Hope You’re Not In A Hurry

by Dave Bittle. 0 Comments

As the proud father of two terrific daughters, ages seven and nearly ten, I’ve become a resident expert on the get-ready habits of little girls, and the un-gazelle like movements with which they inch about. So maddening is their sluggishness that I sometimes forget that children this age lack the executive skills necessary to walk and chew gun at the same time, and so I find myself on occasion suspecting brain-damage (Theorizing their mother irresponsibly participated in a PTA kick-boxing tournament or similarly dangerous activity while pregnant and without my knowledge or consent.) as the root cause for their chronic absentmindedness and inability to focus—thus lending explanation to the exhaustive cycle of expectation and disappointment for all.

Hurry up…It’s getting late, it’s time to go!” I yell again.

Rational efforts to speed things along are met with cool resistance, these girls rarely ever share our sense of urgency or cognizance of time, leaving little choice but to regress to what I know best, hyperbolically yelling from the bottom of the stairs in an unimpressive effort to move things along—a vestige of my childhood and a proud family tradition, yelling was once thought to motivate children to achieve grand things, my mother mentored me for years in this practice.

Unfortunately, yelling accomplishes little, only deepening the divide and further escalating matters. And though always effective in getting everyone’s attention, isn’t a child-rearing technique I’d ordinarily recommend or use during moments of greater clarity, as it generally leaves a disagreeable aftertaste in the mouth of this conscientious parent.

The problem is though, like most children, our girls tend to view clocks and watches, the oldest of human inventions and essential life tools, with complete and utter contempt, opting instead to trust their highly sophisticated internal boredom sensors to signal when it’s time to move from one activity and on to the next.

If it’s fun, keep doing it. If not, stop immediately and wander off into another room to look for something more entertaining—ah, the life of a child.

Never mind parental requests and household schedules, the clock and watch only serve to spoil the child’s fun—that is, unless it’s time stop brushing teeth, cleaning rooms, or doing homework.

It isn’t that children can’t tell time either, many can; rather, it’s that they’re indifferent to its passage. And, it’s this indifference that astonishes and frustrates me because my life absolutely revolves around schedules, mostly theirs—school activities, homework assignments, music lessons, meal times, gymnastics, lacrosse games and practices, play-dates, and bed-times. And though they often approach the process of getting ready with good intentions, less helpful are their frequent disappearances into their bed and bathrooms, where the smallest of shinny objects can, and usually does, provide unwanted distractions, arresting all forward movement.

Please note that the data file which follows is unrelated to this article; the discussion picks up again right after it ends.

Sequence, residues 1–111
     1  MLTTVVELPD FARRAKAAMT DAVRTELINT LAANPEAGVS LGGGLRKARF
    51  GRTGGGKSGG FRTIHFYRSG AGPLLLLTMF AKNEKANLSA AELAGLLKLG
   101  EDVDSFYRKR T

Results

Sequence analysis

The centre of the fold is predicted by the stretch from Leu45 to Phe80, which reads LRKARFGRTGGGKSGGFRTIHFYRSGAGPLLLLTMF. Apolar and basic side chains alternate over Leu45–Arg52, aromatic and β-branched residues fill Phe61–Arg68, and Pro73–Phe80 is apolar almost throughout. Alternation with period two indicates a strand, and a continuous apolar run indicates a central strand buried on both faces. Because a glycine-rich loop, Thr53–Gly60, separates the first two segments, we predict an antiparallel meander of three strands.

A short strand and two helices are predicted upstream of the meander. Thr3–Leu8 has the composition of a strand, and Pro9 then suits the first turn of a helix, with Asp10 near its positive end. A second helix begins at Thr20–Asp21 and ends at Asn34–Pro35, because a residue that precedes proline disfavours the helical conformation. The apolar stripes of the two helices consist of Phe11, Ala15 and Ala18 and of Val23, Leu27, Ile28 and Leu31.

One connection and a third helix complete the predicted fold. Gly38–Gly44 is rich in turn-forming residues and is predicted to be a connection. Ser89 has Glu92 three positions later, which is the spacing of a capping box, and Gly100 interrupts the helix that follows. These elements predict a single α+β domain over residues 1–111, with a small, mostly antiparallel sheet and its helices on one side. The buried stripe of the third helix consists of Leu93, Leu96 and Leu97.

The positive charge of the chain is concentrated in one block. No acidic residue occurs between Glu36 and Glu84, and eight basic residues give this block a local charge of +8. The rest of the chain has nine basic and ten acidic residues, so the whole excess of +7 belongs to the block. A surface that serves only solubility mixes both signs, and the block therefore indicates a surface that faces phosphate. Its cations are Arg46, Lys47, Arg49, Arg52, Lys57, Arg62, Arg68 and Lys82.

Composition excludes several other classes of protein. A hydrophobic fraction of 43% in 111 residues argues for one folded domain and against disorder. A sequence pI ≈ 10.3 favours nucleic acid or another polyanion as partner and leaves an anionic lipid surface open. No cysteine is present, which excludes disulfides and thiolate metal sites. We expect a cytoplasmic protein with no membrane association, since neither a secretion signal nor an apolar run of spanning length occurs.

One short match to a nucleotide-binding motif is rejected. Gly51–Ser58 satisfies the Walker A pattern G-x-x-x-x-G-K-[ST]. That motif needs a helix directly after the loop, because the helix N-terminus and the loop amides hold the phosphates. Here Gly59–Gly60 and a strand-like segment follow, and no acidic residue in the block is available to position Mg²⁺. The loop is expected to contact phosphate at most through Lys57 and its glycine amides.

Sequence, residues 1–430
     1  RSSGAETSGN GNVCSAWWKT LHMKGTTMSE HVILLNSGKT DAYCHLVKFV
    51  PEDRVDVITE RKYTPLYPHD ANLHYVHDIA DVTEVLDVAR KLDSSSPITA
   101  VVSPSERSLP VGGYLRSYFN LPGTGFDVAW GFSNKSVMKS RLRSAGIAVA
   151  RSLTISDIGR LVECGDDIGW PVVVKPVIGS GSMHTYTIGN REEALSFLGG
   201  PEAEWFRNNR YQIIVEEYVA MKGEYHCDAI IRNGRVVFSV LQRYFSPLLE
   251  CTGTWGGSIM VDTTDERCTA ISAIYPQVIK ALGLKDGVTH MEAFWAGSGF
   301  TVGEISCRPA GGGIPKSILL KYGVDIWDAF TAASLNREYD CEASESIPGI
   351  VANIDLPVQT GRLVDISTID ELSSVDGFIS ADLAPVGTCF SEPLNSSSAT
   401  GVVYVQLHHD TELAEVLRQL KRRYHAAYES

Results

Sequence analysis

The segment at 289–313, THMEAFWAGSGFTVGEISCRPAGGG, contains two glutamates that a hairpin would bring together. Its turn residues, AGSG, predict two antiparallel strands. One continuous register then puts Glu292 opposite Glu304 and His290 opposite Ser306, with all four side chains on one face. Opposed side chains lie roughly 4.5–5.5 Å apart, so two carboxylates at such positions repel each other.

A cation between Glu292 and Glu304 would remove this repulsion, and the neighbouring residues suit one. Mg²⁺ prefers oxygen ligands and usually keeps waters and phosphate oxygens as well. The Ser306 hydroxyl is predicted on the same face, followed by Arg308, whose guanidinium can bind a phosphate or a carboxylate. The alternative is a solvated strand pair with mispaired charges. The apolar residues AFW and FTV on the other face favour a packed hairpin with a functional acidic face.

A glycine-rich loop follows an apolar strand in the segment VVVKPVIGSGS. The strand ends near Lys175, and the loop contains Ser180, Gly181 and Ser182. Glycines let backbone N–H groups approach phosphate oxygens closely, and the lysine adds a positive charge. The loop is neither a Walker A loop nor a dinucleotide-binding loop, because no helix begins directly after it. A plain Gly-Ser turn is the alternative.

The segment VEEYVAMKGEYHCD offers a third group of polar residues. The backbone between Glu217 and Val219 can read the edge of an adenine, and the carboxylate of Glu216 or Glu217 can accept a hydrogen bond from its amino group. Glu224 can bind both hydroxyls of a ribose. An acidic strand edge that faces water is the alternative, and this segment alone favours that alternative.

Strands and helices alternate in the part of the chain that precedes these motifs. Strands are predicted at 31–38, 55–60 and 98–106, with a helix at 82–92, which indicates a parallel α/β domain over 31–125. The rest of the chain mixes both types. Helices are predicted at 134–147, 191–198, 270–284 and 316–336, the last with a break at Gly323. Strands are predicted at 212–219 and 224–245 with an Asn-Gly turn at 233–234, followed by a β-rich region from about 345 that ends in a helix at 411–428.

Asking these girls to go upstairs and brush their teeth, hair, and get dressed—with its multi-component process of several top and bottom choices—will most certainly produce a disappointing outcome for the adult who waits patiently downstairs. Predictably, they’ll present themselves with at least one, maybe two, tasks left uncompleted.

“Thank you for getting dressed.” I exalt to my youngest.

“Did you brush your hair?”


“Thank you. Did you brush your teeth?”


“No?” I repeat, frowning now I’m gobsmacked, and ask the obvious question, “Didn’t I tell you to brush your teeth too?”

“No you didn’t” she says, now with her hands on her hips and a predictable agitation in her voice. Wondering if I’m losing my mind, I now begin to doubt myself. I’m sure I said that, I think.

But when pressed though, she concedes “Well, maybe you told me….but I forgot.”

“Why can’t you do what I ask you to do?” I ask rhetorically, in a voice not meant for her.

“Because” she argues, not realizing the rules regarding rhetorical questions “I can’t remember everything you know!”

The irony in her assumption is nothing short of laughable. Her mother is the one who’s expected to remember everything, and frequently does, whereas I’m a distant second, and the girls, well, they don’t seem to remember much beyond the convenient and where we keep the cookies.

The fact that she thinks she’s expected to remember “everything” is no less preposterous, however, than when asked to empty the dishwasher, she not-so-rhetorically responds “Why do I have to do everything around here?”

“Please go back upstairs and brush your teeth” I ask impatiently.

Mumbling now to no one in particular and beginning to sound like the father I so hoped never to become.

Our daughters’ operate at one speed, best described as glacial. That is, except where ice-cream or glitter are involved—ice-cream and glitter are to little girls what special-interest money is to politicians, they’ll do exactly anything for it including sprint to ambush the bearer of such coveted fortunes.

This is our routine, day after day, week after week. Often depreciating into something of a hopeless game of beg, bribe and threaten. A logistical debacle; always behind, rarely on-time, wholly fatigued by the process.

If you think this an unfair characterization, I kindly direct you to be at my house on Monday morning for what will surly prove to be an entertaining (because they’re not your kids), if not entirely frustrating morning of coffee, muffins and yelling.

So sigh no more, clocks and watches evidently are not for kids. Your priorities are not theirs. No, you’re not losing your mind, your kids have just pulverized your parental equilibrium by making you repeat yourself over, and over, and over again, it will get better when they go off to college; and watching them get ready is a study in going nowhere fast.

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